So tonight I am determined to listen to the whole thing, and now I'm going back in time because I haven't heard most of these songs for 25 years.

Good grief. I STILL know just about every word to every song. Guh.

Attack of the 50 Foot Woman, Amnesia and Mr. Hate are taking me back, and I mean waaaaayyyyy back. God lord, was I a high school loser. Yup. THAT far back.

I can remember playing I Don't Want To Wait Anymore and pining over a girl from East Kentwood High School. Well, I waited. I think. Wait, it's coming back to me now ... the less said, the better.

I remember blasting this album out of a cheap boom box when I worked at the Christian Reformed Recreation Center in Grand Rapids, Mich. One of my jobs was waiting by a gate for cars to come in and park. If they didn't have a sticker, they were charged a dollar. Dutch, if you know what I mean. Some people tried to talk me out of it, but it was hard to hear over Fee belting out "I'M NOT GONNA FRY YOUR BURGERS .... YOU'LL NEVER TAKE ME ALIVE!"

Have I mentioned how much I love Fee? In a music appreciation way, of course. It's A Matter of Pride.

So. When I get to be like the guy in the video above, 99 and feeble in a nursing home, put the headphones over my shriveled ears and crank up The Completion Backwards Principle. Or Who's Next. Or October. Or Avalon.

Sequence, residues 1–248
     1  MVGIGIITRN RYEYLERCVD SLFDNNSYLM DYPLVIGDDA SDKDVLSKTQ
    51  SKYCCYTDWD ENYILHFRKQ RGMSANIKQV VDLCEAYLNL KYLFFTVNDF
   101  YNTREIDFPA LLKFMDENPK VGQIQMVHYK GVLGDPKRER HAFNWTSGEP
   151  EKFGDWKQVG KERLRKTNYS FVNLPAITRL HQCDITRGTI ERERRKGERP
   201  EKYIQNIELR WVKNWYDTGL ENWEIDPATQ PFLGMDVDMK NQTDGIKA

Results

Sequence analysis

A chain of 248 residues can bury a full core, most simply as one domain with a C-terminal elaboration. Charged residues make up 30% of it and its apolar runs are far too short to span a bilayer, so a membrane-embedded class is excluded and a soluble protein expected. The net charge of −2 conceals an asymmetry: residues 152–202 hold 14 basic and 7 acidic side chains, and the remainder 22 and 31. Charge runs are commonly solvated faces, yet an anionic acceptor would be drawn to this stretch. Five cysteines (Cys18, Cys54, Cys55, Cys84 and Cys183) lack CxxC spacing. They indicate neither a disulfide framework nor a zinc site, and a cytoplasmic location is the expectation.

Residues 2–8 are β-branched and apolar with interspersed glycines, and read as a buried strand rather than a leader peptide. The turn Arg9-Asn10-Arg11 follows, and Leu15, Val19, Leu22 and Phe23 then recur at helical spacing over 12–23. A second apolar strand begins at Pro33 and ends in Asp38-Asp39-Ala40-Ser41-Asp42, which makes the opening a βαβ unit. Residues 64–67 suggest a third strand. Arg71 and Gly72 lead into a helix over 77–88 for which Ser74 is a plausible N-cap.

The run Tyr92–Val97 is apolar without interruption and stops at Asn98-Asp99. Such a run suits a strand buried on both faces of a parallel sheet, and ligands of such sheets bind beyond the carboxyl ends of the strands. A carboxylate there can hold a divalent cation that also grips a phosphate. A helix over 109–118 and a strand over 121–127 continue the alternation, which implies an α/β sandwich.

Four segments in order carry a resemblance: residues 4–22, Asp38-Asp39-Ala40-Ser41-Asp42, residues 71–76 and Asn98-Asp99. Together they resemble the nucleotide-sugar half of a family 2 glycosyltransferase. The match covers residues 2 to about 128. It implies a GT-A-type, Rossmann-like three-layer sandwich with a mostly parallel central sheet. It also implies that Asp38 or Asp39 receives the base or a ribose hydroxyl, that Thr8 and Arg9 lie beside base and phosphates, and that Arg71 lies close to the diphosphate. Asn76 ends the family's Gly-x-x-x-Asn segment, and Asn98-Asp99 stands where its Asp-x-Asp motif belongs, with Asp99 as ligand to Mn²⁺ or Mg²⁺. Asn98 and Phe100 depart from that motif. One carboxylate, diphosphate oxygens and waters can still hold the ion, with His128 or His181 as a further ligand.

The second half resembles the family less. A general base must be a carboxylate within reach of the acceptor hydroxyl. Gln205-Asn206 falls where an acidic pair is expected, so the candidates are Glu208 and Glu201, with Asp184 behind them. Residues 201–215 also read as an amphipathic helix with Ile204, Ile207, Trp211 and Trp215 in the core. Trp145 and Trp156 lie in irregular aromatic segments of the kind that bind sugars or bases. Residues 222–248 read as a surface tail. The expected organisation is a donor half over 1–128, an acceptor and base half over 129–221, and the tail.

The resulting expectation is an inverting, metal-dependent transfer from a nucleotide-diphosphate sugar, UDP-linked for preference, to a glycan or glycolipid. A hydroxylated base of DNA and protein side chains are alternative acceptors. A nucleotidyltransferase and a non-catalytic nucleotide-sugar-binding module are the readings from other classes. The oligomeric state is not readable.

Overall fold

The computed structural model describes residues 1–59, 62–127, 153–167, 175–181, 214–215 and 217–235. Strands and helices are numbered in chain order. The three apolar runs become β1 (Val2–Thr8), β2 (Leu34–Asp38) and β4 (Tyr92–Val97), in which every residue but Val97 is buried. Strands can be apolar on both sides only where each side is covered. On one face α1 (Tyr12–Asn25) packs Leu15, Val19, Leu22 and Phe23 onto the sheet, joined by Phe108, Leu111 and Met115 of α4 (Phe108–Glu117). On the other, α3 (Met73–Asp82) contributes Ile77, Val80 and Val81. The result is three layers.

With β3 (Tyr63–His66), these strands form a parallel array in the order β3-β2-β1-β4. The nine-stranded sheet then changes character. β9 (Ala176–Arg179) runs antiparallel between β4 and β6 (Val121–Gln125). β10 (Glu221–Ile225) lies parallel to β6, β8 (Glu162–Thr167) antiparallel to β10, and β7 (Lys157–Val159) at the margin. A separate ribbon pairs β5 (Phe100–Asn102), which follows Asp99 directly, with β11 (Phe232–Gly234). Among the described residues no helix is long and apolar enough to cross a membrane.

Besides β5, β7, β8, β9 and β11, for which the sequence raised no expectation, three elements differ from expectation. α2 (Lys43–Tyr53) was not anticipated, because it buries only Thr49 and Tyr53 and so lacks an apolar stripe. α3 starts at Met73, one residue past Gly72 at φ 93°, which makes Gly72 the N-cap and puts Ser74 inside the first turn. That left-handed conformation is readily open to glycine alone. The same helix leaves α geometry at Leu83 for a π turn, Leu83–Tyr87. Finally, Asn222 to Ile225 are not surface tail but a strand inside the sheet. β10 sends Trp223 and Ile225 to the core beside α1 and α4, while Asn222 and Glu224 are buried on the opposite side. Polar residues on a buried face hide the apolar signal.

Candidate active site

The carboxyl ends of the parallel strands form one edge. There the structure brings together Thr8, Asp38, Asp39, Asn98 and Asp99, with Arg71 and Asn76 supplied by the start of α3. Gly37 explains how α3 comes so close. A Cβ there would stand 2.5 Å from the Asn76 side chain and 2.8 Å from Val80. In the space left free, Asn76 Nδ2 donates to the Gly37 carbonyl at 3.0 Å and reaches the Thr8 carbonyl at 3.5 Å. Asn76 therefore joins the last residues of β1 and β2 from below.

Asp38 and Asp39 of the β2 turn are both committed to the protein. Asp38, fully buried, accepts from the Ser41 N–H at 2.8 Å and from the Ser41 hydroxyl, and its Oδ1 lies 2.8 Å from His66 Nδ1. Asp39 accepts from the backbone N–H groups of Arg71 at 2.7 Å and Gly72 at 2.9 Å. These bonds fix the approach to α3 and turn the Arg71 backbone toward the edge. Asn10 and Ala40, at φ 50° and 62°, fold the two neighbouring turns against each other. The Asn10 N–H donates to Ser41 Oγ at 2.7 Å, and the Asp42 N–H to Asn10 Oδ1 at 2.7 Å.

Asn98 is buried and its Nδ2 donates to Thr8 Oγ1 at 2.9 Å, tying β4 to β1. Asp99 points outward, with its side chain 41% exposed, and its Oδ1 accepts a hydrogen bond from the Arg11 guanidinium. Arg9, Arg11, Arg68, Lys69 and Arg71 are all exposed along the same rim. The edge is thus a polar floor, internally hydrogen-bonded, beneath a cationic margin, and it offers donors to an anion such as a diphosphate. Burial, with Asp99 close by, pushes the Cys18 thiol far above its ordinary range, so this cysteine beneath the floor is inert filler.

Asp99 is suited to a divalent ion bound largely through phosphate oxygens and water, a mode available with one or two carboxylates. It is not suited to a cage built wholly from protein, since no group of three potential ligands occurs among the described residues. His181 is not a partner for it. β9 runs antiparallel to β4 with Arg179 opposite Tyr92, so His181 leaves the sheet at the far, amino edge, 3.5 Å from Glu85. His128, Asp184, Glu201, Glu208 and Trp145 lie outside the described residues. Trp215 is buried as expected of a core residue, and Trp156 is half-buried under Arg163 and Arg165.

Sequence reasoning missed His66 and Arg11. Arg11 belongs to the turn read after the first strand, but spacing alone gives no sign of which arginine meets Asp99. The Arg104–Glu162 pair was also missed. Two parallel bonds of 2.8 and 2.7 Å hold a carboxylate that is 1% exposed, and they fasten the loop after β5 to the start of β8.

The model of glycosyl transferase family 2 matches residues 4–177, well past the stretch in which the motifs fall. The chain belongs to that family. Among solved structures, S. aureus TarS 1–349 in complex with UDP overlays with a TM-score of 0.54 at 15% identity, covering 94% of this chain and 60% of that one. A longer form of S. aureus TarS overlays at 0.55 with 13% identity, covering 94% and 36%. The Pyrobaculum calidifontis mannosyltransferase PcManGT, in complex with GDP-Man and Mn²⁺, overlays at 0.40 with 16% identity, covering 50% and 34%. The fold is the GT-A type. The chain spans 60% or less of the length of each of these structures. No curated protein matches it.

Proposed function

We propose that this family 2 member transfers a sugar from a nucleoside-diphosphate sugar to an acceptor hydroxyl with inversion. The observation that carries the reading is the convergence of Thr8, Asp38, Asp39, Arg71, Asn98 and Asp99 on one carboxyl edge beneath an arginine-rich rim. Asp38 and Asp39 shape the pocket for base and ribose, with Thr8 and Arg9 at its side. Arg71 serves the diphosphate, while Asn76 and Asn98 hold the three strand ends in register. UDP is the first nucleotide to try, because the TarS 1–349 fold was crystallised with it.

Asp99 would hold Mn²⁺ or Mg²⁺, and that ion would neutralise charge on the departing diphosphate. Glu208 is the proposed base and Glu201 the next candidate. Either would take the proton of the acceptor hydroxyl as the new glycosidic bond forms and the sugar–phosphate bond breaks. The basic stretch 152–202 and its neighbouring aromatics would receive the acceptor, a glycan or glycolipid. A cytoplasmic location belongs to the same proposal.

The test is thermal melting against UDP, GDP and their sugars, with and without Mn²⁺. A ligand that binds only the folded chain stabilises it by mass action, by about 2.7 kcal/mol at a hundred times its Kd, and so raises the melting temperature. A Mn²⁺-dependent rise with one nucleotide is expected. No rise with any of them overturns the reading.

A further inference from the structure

I'll go back and revive.

What the heck was that Kentwood girl's name, anyway?

Saturday, April 7, 2012

Six String Heroes

MEET KEN WALKER, a local farmer and Vietnam War veteran who is our first Six String Heroes graduate. Ken is a great guy and has lots of stories - he was an underwater demolitions specialist and mucked through a lot of stuff in combat.

Ken was looking for something to do after serving his country for many years. He has PTSD and needed a hobby to take his mind off of things.  When they moved back to Quincy his wife got him a guitar. Then he found out about our program, started in St. Louis by Quincy native Steve Stoner. Six String Heroes at Jefferson Barracks has made a difference in many Veterans lives. Second String Music quickly realized how amazing this program is, and when Steve suggested we start a program in Quincy, we couldn't say no.